Perioral dermatitis is an inflammatory facial rash versus acne, which is bacterial—typically seen around the mouth. The most common cause is topical steroid use, but it can also be caused by fluoridation in toothpaste, explains New York City dermatologist Bobby Buka, MD. The recommended course of treatment is to discontinue all topical steroids (both prescription and OTC), heavy face creams, and fluorinated toothpaste—instead, opting for mild, non-irritating cleansers and lightweight, non-comedogenic lotions. Oral and topical antibiotics are an effective treatment option. The condition can also be caused by an overgrowth of skin mites and newer treatments target these organisms. Learn how to identify 14 of the most common skin irritations.
Sebaceous hyperplasia is genetic condition characterized by flesh-colored, doughnut-shaped bumps that develop on the forehead, cheeks, nose, and chin. These lesions are actually enlarged oil glands (sometimes, you can even squeeze oil out of them). Sebaceous hyperplasia is benign. However some people choose to treat it for aesthetic reasons. One treatment option is called electrodessication, a device that delivers an electric current into the skin to help reduce the appearance of lesions. These 9 myths about oily skin could be ruining your complexion.
Ingrown hairs are hairs that have turned around and grown back into the skin, creating a raised bump. According to Dr. Fusco, they can look exactly like acne and present as white bumps, red bumps, or “underground” cysts. They are most common around the bikini and underarm zones in women, and in men, you’ll often see them on the chin, cheeks, and upper neck (the beard area). Resist the urge to pick, which can make them worse. Many times an ingrown hair will go away on its own, but if it doesn’t or it becomes infected you should make an appointment with your dermatologist. Depending on the severity, your doctor may recommend professional extraction or topical treatments, such as salicylic acid-based creams, cleansers, and pads (like Neutrogena Rapid Clear Maximum Strength Treatment Pads), or retinoids. Keep in mind these 12 things dermatologists say you should never, ever do to your skin.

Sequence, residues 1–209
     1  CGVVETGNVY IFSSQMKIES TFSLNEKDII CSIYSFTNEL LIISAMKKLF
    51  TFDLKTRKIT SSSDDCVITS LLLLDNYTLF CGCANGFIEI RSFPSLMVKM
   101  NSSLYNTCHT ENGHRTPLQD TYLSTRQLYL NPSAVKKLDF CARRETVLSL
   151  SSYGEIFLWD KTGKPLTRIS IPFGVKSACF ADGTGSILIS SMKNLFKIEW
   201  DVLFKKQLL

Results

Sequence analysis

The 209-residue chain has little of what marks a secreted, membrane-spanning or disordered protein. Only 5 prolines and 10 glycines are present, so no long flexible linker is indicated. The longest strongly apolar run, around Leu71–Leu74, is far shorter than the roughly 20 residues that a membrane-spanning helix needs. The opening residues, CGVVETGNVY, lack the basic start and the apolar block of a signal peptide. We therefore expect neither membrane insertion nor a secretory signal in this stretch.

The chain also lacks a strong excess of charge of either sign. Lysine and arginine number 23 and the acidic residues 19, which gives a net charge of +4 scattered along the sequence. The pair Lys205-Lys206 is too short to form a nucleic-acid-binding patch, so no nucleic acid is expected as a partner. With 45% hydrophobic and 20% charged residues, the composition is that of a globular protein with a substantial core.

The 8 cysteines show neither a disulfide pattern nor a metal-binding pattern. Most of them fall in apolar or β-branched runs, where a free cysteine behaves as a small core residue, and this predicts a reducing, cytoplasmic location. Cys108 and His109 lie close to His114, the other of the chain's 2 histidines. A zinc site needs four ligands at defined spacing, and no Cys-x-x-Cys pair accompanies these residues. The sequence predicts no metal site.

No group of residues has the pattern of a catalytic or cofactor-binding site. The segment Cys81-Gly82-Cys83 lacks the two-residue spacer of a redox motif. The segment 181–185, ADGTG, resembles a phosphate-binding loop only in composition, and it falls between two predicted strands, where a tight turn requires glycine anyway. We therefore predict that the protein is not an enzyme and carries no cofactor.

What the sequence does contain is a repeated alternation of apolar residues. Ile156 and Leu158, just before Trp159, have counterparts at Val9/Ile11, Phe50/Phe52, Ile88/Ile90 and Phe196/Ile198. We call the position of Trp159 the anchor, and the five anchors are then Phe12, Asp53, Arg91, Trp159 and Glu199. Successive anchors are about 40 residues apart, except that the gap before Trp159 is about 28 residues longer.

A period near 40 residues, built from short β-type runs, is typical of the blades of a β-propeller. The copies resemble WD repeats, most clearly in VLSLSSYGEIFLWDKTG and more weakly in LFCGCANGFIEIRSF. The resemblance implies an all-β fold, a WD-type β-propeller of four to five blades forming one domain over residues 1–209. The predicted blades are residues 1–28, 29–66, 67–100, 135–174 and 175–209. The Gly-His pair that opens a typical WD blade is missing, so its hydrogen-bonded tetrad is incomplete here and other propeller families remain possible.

Basal cell carcinoma
Basal cell carcinoma is a slow-growing type of skin cancer that derives from the base layer of the epidermis. It’s usually caused by excessive UV exposure, including sunlight and tanning lamps. Basal cells look like shiny, translucent or pink bumps with tiny blood vessels—and can often be mistaken for a persistent acne cyst. If you do have a lesion that doesn’t heal after a month or two, see your dermatologist for evaluation. Treatments include photodynamic therapy, Mohs surgery (a specialized type of skin cancer surgery to ensure clear margins, while minimizing the amount of skin removed), and tissue scraping. Here’s everything you need to know about skin cancer.
- Dhaval G. Bhanusali, MD, dermatologist, New York City.
- National Rosacea Society: "Factors That May Trigger Rosacea Flare-Ups."
- Francesca Fusco, MD, dermatologist, New York City
- American Academy of Dermatology: "Acne-like breakouts could be folliculitis"
- Debra Jaliman, MD,, dermatologist, New York City.
- Bobby Buka, MD, dermatologist, New York City.
- American Osteopathic College of Dermatology: "Sebaceous Hyperplasia."
- Skin Cancer Foundation: "Basal Cell Carcinoma."